A photo of the words "mind the gap" written in yellow paint on the ground in an underground train station in London.

Stop defining people by what they’re not: on “non-code contributors”

I’ve been outspoken about my dislike of the term “non-code contributors” for a while now. I mentioned it again on my socials recently, beginning:

“I suggest that if you find yourself about to use the phrase “non-code contributors” or “non-technical contributions,” you should stop, remind yourself of your goals, and use entirely different language.”

The response (including these) has encouraged me to elaborate.

In short, defining people by what they are not is othering, diminishes what they are, and works at cross-purposes to known good practices in inclusive organizing.

Representation matters

We know representation matters in event organizing, marketing, and recruiting. We put in extra effort to reach out to communities of underrepresented people, and make sure underrepresented people are on stage and in marketing materials.

We want people to be able to see themselves there. We want people to feel, “If someone like me is wanted there, then they want me too.” It’s just one part of the work to ensure that those who show up are increasingly reflective of the world around us.

Code supremacy

We have a code supremacy problem in free and open source software. We overvalue code, and we undervalue design, user experience, technical writing, marketing, community management, and glue work.

It shows, too. We see this manifest in the relative numbers of contributors across disciplines, the quality of tools and documentation, and the resulting software. Where we see projects that do better, it’s always because there has been significant cultural and structural work to achieve those goals.

What are we really trying to achieve when we say “non-code contributor?”

Given what we know, it’s puzzling to me that so much ink is spilled writing to a massively diverse set of audiences under the consolidated term “non-code contributors” in an actual attempt to increase representation.

The designers I know don’t describe their work or contributions as “non-code.” They identify it as design. The documentarians I know don’t describe their work as “non-code,” they describe it as technical writing.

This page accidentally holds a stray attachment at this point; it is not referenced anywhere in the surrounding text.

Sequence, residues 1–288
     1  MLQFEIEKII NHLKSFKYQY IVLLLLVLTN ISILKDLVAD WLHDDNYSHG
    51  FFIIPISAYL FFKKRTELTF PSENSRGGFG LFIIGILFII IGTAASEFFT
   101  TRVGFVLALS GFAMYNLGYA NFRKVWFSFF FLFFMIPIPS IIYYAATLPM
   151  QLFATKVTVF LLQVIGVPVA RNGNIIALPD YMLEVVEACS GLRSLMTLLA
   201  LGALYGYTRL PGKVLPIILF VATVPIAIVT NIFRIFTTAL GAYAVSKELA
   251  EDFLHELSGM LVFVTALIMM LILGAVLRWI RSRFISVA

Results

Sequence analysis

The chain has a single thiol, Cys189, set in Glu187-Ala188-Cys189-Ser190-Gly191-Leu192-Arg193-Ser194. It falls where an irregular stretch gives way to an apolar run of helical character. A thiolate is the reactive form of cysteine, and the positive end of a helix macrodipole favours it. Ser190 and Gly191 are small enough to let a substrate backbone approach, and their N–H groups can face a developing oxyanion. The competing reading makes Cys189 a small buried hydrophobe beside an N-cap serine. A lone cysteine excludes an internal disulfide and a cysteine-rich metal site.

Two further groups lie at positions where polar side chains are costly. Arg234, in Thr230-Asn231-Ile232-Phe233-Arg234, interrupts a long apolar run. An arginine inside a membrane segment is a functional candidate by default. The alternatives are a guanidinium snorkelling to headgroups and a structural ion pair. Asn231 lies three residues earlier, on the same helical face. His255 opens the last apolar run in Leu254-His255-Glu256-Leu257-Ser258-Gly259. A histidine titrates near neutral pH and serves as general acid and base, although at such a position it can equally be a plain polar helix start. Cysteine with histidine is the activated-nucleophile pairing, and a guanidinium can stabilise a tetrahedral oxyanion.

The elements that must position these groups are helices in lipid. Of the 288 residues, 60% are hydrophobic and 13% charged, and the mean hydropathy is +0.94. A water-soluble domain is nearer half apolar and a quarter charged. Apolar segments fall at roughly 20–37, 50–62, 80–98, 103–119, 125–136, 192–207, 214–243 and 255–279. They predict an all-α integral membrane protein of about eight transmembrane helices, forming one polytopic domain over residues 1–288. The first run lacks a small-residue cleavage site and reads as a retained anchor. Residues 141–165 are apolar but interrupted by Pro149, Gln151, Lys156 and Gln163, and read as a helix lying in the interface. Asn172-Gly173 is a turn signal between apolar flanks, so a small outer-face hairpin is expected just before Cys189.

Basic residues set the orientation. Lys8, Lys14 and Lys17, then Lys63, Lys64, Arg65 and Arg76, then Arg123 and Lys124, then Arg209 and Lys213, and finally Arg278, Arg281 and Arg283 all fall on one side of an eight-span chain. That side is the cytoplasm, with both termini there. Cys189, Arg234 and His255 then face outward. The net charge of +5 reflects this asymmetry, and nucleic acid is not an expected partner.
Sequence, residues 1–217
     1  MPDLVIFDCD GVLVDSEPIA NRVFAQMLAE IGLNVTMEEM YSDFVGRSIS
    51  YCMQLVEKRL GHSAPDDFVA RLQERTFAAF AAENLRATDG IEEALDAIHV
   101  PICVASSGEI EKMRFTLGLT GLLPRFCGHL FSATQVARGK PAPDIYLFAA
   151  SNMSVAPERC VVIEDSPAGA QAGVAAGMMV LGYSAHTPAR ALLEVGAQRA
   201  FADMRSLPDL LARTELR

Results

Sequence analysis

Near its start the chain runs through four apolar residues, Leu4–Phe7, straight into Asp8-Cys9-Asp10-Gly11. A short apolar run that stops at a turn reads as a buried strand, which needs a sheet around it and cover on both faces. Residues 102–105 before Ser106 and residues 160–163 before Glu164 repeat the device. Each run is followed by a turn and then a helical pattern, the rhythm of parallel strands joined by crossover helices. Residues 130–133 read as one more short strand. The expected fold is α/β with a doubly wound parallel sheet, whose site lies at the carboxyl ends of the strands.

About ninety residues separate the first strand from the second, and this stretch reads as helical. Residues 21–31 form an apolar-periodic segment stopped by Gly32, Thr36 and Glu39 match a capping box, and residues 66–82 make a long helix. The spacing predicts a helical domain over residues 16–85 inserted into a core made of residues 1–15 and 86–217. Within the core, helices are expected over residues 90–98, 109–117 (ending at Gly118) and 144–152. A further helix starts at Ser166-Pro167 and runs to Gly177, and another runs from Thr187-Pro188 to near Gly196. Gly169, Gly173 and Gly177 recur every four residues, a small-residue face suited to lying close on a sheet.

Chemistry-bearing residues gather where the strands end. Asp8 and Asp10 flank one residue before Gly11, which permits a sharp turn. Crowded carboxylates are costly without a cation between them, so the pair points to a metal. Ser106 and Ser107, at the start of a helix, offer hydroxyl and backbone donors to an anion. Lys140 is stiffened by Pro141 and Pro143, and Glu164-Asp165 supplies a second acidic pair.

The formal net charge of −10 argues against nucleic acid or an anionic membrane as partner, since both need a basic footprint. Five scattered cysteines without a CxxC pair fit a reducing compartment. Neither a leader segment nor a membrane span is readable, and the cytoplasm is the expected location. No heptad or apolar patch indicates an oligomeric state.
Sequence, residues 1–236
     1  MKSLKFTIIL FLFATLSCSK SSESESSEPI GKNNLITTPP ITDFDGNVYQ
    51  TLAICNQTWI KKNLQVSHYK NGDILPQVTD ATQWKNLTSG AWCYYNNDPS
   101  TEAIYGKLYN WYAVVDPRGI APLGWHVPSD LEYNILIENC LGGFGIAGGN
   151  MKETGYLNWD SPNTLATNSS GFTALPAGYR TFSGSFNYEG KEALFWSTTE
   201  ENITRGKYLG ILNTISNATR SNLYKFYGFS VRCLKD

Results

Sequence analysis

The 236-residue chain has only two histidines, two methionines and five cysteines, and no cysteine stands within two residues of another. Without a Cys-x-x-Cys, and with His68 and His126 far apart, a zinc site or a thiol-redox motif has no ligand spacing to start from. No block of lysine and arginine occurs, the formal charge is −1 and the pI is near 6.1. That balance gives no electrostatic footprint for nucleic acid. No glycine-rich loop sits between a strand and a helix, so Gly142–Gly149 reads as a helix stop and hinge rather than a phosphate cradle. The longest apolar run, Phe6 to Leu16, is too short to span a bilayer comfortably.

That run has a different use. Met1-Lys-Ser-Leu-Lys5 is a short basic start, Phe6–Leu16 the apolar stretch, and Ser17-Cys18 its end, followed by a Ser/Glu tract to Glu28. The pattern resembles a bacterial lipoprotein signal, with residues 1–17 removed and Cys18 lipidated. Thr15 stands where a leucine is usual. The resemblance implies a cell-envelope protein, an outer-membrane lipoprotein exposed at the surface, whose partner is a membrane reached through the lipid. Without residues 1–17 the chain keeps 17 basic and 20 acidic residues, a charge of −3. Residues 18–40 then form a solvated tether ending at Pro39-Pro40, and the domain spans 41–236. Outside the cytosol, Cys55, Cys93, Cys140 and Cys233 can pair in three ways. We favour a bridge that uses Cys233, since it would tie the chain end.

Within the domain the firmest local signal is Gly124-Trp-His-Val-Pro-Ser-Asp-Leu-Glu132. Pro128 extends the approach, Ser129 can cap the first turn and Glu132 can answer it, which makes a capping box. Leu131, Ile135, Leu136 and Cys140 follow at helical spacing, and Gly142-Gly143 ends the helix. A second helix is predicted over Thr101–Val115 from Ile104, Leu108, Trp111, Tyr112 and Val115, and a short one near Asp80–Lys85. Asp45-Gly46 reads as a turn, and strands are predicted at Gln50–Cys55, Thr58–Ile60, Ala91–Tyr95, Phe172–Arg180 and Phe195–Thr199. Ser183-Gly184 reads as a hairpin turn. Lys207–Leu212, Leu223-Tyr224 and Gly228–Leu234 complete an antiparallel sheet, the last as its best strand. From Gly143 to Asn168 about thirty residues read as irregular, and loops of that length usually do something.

It’s only after they spend years being told they’re “non-code contributors” by a culture of code supremacy that they begin to identify their work as “non-code,” but even then it’s only how they identify it within the context of the problematic culture. No one tells their friends outside of open source that they’re “non-code contributors,” they say they help with interface design.

Without fail, as I have practiced excising “non-code contributor” from my vocabulary, I find it’s not the tool I ever really needed. Typically, I find that other language will serve me better, or that I’m making a strategic error.

Am I trying to get designers into my open source project? I need to meet them where they are, use their language, write articles and docs specifically for them, and treat them as first class contributors.

Self-determination and breaking the cycle

Now, granted, if someone tells me they want to be identified as a “non-code contributor,” I’ll respect that.

I’ll respect that the same way I’d respect how they pronounce their name, their pronouns, or what label they put on their sexual orientation or racial/ethnic identity. Consent and self-determination are paramount.

And when I am trying to shape a community? I’ll use a vast array of descriptors to signal to lots of different types of people: “you belong here.”

Let’s break the cycle of code supremacy and the other representation issues it intersects with. Let’s put the term “non-code contributor” to rest. Let’s celebrate people for who they are and meet them on their terms.

The result will be better cultures and better software.





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